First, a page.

User Tag List

Page 8 of 8 FirstFirst ... 6 7 8
Results 71 to 74 of 74

Thread: Electrical shock 277 v

  1. #71
    Join Date
    Dec 2012
    Location
    Placerville, CA, USA
    Posts
    20,296
    Mentioned
    3 Post(s)
    Tagged
    0 Thread(s)
    Quote Originally Posted by Besoeker3 View Post
    ...
    ... But her foreman turned the power back on resulting in her electrocution. With correct safety procedures in place, he would not have been able to do that. But he did. It's just wrong at so many levels.
    Reread the OP. What you state above was my first impression, and would have made checking for voltage before starting insufficient. But on rereading, I think that what happened was that the foreman stated that he was going to turn the power off, but decided not to and the OP started work on an energized circuit.
    Possibly the OP can clarify that point?

  2. #72
    Join Date
    Feb 2013
    Location
    India
    Posts
    2,713
    Mentioned
    0 Post(s)
    Tagged
    0 Thread(s)
    Quote Originally Posted by Besoeker3 View Post
    It is for the specific task, not the generality of the work site as a whole.
    And, as I mentioned before, we wouldn't have been allowed past the gates without a valid safety passport. One company had a demo room at security where you had to sit through a 30 minute safety video before even going on site.

    The OP didn't want to complain probably for fear of losing her job. That I can understand in a way. But her foreman turned the power back on resulting in her electrocution. With correct safety procedures in place, he would not have been able to do that. But he did. It's just wrong at so many levels.
    All these: risk assessment, safety passport, demo room for a safety video, safety checklist etc have one common purpose. It is this: to have presence of mind which is liable to be lost under work pressure and subsequently could lead to casualties.

  3. #73
    Join Date
    Jan 2019
    Location
    UK
    Posts
    465
    Mentioned
    0 Post(s)
    Tagged
    0 Thread(s)
    For Sahib
    Typical RA - apologies for the formatting. Pulled from a *.docx

    ASSESSMENT FOR:- REF No:- NEXT REVIEW DATE:-
    Electrical Insulation Testing 11 June 2010



    CARRIED OUT BY:- DATE:-

    **** June 2009



    Does this assessment consider the Health & Safety of pregnant workers? Yes

    Is a written working procedure involved? Yes



    POTENTIAL HAZARD(S):-

    1. Electrical hazards.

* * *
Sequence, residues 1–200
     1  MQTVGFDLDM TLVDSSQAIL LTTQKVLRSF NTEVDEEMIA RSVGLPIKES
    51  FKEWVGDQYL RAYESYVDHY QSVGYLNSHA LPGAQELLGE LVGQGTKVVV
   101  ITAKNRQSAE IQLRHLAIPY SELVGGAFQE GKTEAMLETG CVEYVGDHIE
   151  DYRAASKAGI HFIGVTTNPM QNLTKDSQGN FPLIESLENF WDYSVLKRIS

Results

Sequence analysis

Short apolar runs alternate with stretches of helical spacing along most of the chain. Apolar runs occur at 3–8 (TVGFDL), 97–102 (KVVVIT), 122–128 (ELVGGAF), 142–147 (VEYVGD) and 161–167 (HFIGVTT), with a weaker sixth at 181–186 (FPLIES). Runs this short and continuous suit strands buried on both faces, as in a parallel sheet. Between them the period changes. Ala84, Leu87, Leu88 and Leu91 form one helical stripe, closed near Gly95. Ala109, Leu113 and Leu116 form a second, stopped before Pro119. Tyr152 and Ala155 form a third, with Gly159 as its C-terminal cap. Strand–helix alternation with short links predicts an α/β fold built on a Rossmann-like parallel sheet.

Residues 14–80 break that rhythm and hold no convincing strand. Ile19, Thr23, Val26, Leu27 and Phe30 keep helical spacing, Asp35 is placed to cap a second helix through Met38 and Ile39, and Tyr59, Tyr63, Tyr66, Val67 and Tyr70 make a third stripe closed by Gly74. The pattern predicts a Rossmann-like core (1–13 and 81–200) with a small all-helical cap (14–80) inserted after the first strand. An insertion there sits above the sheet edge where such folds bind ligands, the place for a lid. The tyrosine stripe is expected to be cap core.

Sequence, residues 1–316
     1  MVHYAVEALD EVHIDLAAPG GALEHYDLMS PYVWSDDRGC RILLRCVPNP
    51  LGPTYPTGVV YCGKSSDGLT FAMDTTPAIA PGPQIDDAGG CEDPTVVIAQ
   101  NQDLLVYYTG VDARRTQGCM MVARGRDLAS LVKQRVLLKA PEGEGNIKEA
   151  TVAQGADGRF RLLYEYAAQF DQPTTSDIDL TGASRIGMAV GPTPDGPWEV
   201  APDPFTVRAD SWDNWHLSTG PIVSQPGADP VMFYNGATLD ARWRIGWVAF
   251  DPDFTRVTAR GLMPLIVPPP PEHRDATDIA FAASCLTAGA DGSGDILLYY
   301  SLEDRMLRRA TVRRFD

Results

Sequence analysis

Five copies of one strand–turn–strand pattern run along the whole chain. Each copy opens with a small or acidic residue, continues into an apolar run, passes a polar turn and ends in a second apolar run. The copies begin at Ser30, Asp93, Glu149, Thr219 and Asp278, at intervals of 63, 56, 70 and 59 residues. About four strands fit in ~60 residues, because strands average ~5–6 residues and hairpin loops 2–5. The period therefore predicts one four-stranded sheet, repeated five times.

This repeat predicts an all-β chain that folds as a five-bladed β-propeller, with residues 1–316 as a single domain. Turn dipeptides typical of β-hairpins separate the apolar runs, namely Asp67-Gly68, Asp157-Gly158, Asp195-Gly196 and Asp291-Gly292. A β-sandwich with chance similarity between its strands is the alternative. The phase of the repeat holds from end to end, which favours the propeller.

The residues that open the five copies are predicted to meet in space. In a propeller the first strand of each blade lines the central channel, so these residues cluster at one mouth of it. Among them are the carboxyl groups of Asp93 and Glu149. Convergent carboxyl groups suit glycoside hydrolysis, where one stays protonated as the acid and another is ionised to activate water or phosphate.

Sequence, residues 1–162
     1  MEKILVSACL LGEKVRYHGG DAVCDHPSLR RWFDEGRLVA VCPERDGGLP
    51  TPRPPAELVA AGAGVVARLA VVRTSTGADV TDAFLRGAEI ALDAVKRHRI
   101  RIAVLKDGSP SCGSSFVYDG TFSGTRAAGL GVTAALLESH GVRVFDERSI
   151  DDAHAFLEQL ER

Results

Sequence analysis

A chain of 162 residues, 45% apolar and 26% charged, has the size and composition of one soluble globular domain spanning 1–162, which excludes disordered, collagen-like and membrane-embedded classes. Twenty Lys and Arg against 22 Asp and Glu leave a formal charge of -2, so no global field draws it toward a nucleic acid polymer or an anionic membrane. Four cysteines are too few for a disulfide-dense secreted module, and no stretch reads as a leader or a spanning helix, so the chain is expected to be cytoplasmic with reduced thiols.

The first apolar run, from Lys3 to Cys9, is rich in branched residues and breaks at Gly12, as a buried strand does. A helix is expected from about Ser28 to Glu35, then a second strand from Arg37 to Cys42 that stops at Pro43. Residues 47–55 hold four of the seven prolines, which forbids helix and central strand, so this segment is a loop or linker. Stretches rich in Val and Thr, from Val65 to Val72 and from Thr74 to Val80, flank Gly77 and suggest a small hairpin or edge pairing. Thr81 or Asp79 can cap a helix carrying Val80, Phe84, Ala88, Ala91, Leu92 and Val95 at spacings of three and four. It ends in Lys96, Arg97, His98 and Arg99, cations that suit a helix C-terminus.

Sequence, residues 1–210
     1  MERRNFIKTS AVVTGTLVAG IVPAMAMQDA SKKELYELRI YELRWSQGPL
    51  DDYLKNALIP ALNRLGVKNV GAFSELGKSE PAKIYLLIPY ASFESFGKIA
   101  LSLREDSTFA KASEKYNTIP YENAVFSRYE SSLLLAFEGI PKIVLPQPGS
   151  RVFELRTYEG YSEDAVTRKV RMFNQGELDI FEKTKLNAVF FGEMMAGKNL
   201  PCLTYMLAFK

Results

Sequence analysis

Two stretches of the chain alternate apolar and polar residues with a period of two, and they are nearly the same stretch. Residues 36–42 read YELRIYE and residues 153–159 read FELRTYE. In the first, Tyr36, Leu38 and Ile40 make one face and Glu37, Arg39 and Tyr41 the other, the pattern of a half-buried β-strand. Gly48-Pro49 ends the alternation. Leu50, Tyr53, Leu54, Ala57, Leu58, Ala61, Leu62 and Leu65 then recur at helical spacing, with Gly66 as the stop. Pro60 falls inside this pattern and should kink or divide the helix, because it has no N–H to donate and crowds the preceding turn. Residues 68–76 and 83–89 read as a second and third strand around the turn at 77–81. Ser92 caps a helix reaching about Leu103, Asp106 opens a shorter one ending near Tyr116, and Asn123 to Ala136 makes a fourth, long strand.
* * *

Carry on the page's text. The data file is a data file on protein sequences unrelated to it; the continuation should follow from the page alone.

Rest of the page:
POSSIBLE RISK TO HEALTH & SAFETY:-

    1. Electric shock.





    PERSONS AT RISK:-

    All users of the equipment.




    EXISTING PREVENTION / CONTROL MEASURES:- ACTION WHEN:-

    1. Visual examination Prior to use
    2. Portable appliance maintenance variable but at least annually
    3. Use lowest available voltage equipment As necessary
    4. Only qualified persons are permitted to repair/test/maintain Always
    electrical equipment.





    SITE SPECIFIC HAZARDS:- ADDITIONAL CONTROL MEASURES:-

    Site Name:
    ********
    All portable electrical test appliances used on site is to be low voltage/cordless and have current valid test and calibration certification.







    OVERALL RISK FACTOR:- LOW / MEDIUM / HIGH

    Manager's signature:- Date:-

    Print name:- Joe Bloggs


  4. #74
    Join Date
    May 2005
    Location
    Skokie, Illinois
    Posts
    42
    Mentioned
    0 Post(s)
    Tagged
    0 Thread(s)

    277 Vac Electric Shock.

    Firstly, I'm glad that she survived the contact with the 277 Vac source.

    The worst electric shock I ever got was from 277 Vac.

    I've done 480 Vac hand to hand but wasn't shocked much, mainly because at my age, the skin on the fingers is fairly dry.

    I work on electric fire pump controllers which range from 30 to 300 Hp. 480 Vac is very typically the power source and is often service entrance.

    I was working on an older controller tacking voltage readings while kneeling on a dry concrete floor and wearing levies. The back of my hand accidentally contacted the screw terminal of a limit switch which had line voltage 277/480 Vac Wye. I could feel the jolt thru my hand and knee. Fortunately the current burned a perfect 1/2" disc on the back of my hand which reduced the current enough for me to let go.

    This was before I started using kneeling pads, which I believe would have greatly helped.

Posting Permissions

  • You may not post new threads
  • You may not post replies
  • You may not post attachments
  • You may not edit your posts
  •